3. How fast must you travel to outrun stress? Oh, only about one mile an hour—as long as you’re navigating the Llano River by kayak. On a perfect January day—the kind that reminds me why I endure August in Texas—I hired a river guide at Hill Country River Adventures to take me on a watery trek through a pristine slice of the Edwards Plateau south of Mason. While I swore not to reveal our exact put-in and take-out locations, I can tell you that the route included exhilarating (but novice-friendly) rapids, deepwater stretches where fish lurked ten feet below the surface, two-hundred-foot-tall cliffs encrusted with swallows’ mud villages, and coves ringed by gargantuan live oaks. I even saw a beaver (okay, it could have been a nutria, but it also could have been a beaver), as well as hawks, plovers, and great blue herons. 512-292-8215; kayaktexasrivers.com. Fishing Adventures $275 for one, $400 for 2; Eco Adventures $250 for one, $100 each additional person; includes all equipment, shuttle, drinks, and lunch.

4. The overwhelming selection of goodies at Chrissy’s Homestyle Bakery, in Llano, would turn even Dr. Atkins into a carbo-addict. I had a hard time deciding between the cracked-wheat bread, key lime bars, chocolate cake, cinnamon rolls, and torturous variety of cookies but finally settled on the lemon dream, a crispy butter cookie with a hint of citrus. I bought a dozen one day and, to my horror, arrived home a couple of hours later with one lone dream. 501 Bessemer Avenue (Texas Highway 16), Llano; 325-247-4564.

5. Ever since word spread among wayward kitties that my place is a safe haven (mandatory spaying aside), I’ve experienced a feline housing crunch. Imagine my surprise at discovering a non-governmental, non-faith-based solution to the problem. At Moody’s Feed Store, in Kingsland, I found whimsical multi-cat complexes such as the six-unit bordello-inspired Cat House. Dogs aren’t discriminated against in this home market; some of their fancy abodes even come with a rooftop sundeck. And if your furry friends aren’t house-hunting, Moody’s also has a selection of pet supplies—beds, bowls, collars, and toys—that puts the big chains to shame. 4623 FM 1431, Kingsland; 325-388-6217; moodysfeed.com.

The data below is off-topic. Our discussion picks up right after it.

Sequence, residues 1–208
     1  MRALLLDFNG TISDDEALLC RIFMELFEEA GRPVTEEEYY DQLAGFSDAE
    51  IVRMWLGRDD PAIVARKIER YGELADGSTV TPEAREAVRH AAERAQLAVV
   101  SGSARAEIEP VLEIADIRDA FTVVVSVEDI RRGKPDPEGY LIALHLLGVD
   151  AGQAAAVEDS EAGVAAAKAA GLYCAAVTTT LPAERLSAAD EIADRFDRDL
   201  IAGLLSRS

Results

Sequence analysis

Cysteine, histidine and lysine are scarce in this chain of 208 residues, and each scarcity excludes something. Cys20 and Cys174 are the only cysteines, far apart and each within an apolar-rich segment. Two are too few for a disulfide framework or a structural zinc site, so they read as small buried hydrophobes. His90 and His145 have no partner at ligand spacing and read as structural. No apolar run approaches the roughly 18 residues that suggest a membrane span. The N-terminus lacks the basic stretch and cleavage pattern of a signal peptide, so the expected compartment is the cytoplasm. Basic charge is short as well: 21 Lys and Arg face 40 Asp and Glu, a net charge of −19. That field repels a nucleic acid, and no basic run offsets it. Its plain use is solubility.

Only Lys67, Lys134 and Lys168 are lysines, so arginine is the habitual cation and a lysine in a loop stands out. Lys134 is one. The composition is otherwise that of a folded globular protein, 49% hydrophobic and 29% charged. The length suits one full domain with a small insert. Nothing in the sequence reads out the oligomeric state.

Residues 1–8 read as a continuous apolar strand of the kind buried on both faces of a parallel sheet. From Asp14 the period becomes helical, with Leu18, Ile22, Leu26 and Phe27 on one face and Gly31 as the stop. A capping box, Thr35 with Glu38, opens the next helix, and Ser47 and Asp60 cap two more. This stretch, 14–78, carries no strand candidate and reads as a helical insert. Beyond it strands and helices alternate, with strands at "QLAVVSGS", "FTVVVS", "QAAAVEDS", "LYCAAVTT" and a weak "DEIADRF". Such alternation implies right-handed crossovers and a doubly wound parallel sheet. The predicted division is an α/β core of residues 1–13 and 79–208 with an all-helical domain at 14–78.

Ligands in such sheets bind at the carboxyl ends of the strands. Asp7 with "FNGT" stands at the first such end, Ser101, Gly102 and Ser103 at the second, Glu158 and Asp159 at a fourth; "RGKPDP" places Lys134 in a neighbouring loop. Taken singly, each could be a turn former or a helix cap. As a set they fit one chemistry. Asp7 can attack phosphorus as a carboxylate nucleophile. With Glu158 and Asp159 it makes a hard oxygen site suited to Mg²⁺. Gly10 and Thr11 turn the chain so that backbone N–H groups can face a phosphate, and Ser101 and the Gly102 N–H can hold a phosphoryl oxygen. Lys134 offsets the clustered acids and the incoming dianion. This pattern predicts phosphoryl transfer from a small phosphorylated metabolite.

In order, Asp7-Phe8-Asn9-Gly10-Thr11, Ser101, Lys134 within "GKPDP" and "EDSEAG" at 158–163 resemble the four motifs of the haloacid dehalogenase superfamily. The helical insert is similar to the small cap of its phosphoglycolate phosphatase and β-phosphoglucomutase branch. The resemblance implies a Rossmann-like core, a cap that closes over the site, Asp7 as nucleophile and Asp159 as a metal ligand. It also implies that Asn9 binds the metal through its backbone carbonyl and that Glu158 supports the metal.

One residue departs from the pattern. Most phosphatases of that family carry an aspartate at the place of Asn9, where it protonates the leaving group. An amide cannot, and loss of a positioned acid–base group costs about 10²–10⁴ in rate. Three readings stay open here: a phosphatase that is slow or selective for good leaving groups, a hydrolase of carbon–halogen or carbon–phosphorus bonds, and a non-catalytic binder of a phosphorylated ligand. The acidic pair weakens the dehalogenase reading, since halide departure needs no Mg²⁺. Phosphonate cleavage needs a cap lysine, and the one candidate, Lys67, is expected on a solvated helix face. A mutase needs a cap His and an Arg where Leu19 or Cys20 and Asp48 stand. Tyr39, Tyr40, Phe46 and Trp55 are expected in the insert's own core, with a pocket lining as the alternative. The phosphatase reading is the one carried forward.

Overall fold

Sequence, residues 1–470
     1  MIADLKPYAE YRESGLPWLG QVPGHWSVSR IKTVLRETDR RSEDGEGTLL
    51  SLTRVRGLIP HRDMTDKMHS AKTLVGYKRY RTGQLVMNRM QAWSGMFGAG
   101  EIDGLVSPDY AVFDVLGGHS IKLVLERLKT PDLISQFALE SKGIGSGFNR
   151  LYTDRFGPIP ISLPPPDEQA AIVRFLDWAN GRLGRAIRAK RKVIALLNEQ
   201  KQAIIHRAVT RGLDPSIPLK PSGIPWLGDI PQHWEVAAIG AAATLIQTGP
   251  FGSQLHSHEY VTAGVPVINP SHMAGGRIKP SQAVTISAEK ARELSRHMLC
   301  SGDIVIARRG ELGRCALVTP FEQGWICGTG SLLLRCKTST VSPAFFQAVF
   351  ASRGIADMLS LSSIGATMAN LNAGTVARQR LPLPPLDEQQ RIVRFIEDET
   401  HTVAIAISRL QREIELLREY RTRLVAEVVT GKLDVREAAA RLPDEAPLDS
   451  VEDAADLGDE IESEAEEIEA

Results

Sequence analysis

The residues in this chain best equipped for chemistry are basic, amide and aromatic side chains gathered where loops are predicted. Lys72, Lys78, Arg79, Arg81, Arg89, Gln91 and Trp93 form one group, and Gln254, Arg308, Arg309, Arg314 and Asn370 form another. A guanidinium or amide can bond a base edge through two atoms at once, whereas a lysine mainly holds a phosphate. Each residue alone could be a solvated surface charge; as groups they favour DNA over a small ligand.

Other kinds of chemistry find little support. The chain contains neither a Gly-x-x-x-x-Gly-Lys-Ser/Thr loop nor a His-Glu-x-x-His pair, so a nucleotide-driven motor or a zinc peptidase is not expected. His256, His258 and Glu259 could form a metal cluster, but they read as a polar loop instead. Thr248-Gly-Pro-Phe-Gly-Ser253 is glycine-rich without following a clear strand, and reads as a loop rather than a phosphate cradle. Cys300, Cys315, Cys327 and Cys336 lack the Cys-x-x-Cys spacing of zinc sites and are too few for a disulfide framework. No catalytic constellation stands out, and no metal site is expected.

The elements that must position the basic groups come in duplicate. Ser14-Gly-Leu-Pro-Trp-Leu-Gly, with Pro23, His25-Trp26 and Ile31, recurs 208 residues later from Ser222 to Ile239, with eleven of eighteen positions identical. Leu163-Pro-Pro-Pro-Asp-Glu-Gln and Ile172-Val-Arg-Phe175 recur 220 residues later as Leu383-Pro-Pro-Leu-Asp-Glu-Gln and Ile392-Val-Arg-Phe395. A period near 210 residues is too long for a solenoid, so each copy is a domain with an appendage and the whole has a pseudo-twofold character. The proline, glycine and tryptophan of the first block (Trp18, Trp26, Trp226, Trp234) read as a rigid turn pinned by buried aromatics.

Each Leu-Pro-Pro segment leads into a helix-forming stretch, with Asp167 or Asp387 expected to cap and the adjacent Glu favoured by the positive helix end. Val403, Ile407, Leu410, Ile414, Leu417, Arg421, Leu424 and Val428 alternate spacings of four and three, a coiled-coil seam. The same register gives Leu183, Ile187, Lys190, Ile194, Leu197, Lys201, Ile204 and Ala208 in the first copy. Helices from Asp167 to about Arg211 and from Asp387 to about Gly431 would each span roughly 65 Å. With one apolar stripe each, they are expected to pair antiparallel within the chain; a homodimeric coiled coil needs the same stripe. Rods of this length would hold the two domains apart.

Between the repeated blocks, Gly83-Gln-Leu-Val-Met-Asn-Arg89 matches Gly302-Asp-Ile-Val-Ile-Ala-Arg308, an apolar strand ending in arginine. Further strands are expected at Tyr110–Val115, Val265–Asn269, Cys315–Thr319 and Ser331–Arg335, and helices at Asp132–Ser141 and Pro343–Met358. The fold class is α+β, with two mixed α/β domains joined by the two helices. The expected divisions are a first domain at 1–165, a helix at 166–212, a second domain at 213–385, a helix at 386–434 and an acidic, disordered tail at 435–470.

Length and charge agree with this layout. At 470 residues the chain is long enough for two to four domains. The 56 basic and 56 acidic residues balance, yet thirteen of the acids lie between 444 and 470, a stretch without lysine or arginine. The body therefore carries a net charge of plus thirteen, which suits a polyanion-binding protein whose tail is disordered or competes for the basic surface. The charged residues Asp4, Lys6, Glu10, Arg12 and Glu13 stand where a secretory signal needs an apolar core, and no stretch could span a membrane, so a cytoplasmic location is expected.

6. Sure, 10,000 visitors may swarm the Lost Maples State Natural Area on weekends when the fall foliage is at its peak, but off-season you can have the park practically to yourself, especially if you get off the (literally) beaten path, i.e., the Maple Trail. One weekday during winter, I shared the 4.7-mile-long East Loop Trail with only a quartet of feral piglets (awww) and (yikes!) their bristly, growling mother. (Although I didn’t climb a tree, I did hide in the latrine for a spell.) But trust me: The beauty of this trail, with its limestone canyons filled with towering hardwoods and hut-size boulders, its emerald-green pond and crystal-clear creek, and its dizzying views from the canyon lip, cannot be diminished by a drab winter day, searing summer heat, or even hostile pigs. Five miles north of Vanderpool on Ranch Road 187; 830-966-3413; tpwd.state.tx.us/park/lostmap; $5 ($6 in October and November), senior citizens $3, children 12 and under free.

7. Of the thousands of lodging options in the Hill Country (hundreds in Fredericksburg alone), only a fraction are outstanding. I’ll admit to a strong bias toward cabins, but I’d rather spend the night in the Bates Motel than in some of the plywood sweatboxes I’ve seen crammed together on a barren strip of